Over the summer, my dad and I watched three seasons of the Sopranos in about a week. We didn’t regret it, but the part of me that prefers going to galleries to watching TV felt a bit jealous. HBO is an institution of mass culture based mostly on educated, well-to-do, self-selecting cultural consumers. I’ve often wondered why it doesn’t have a better analog in the visual arts, something populist but not dumb.
Reading Dwight Macdonald’s essay “Masscult and Midcult,” I’ve started to get an idea as to why. Writing in 1960, Macdonald decried the emergence of something he called “midcult,” productions of mass culture that were being sold with the veneer of high culture, a phenomenon he saw as the mass market’s disingenuous adjustment to the postwar literacy boom.
In this otherwise gloomy piece of prose, Macdonald pointed with cautious optimism to a yet-unnamed audience for whom midcult wasn’t cutting the mustard — the kind of people who would have loved HBO had cable TV been around. In fact, Macdonald actually predicts something along the lines of HBO towards the end of the paper:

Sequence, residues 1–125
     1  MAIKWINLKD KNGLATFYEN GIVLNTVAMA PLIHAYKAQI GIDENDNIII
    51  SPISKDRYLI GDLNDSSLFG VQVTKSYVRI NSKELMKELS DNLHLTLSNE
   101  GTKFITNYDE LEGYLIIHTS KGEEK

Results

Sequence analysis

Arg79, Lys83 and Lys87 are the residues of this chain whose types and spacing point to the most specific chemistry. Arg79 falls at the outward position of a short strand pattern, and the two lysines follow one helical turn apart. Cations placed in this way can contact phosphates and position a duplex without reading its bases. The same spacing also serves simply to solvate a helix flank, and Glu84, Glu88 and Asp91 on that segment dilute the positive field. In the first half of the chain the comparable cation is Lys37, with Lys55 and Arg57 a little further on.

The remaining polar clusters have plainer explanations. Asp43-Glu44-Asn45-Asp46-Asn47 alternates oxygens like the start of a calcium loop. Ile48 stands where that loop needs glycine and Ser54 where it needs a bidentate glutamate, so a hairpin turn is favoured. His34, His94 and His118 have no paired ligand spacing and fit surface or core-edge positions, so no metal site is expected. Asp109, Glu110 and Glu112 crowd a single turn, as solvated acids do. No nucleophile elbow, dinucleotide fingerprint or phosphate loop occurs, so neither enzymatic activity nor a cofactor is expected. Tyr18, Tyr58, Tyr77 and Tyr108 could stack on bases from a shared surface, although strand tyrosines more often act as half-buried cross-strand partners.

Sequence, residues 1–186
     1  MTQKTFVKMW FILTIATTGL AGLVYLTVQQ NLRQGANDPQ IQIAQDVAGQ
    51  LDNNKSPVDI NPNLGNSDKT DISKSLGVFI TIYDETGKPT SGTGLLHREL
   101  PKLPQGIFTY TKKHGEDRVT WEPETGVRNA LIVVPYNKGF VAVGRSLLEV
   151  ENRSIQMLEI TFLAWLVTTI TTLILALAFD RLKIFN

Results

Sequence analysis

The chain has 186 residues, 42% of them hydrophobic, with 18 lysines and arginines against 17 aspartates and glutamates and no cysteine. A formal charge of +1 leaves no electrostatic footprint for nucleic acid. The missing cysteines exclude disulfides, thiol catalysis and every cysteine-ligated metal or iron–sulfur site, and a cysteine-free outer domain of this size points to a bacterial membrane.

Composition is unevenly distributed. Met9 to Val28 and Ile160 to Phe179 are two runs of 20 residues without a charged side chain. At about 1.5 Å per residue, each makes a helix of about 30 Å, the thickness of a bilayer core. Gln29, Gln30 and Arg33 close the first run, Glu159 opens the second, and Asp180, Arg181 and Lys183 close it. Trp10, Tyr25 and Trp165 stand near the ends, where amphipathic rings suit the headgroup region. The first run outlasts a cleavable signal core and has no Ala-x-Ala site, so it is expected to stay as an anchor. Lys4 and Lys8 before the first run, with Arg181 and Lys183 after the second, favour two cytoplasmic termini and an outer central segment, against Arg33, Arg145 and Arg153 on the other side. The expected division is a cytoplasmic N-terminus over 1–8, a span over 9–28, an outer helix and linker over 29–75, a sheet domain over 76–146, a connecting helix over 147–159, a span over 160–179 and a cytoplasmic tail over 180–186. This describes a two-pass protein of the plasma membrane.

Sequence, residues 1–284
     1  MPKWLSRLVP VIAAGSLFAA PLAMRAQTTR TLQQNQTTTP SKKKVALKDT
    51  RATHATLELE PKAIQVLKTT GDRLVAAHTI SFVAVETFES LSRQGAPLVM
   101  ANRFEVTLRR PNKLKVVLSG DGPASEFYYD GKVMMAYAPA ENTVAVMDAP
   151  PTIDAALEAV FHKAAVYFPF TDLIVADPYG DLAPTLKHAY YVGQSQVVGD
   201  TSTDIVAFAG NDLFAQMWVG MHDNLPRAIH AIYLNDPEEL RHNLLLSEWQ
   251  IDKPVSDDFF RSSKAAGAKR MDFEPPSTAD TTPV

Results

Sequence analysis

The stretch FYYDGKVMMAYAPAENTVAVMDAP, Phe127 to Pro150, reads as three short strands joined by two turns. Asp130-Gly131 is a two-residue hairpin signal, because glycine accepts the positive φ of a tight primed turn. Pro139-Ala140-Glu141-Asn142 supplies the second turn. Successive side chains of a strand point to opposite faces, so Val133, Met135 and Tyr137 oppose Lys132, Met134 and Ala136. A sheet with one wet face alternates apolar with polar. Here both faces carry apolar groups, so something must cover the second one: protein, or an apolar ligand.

“One possibility is pay-TV, whose modest concept is that only those who subscribe could get the program, like a magazine; but, also like a magazine, the editors would decide what goes in, not the advertisers; a small gain but a real one. The networks oppose this on philanthropic grounds — they don't see why the customer should pay for what he now gets free. But perhaps one would rather pay for bread than get stones for nothing.”
The types of people he is talking about were unsatisfied with the bland, over-hyped character of most books, music, theatre, and film. At the same time, they were hardly duped by midcult’s pretensions. Their eyes glazed over at the grandiose simplicity of Hemingway’s “The Old Man and the Sea,” or the affected “cracker-barrel philosophy” of Thornton Wilder’s “Our Town.” They preferred art-house cinema, off-broadway theater, and “quality” paperbacks.
Fifty years later, William Deresiewicz at the American Scholar has proposed a term for cultural objects that offer an alternative to the static opposition of high brow and middle brow culture: “upper middle brow.” I honestly hope this term will find its way into the broader American lexicon. It indicates that art may not have to remain quite as small-scale and local as we tend to believe, and that crossing over doesn't have to mean dumbing down.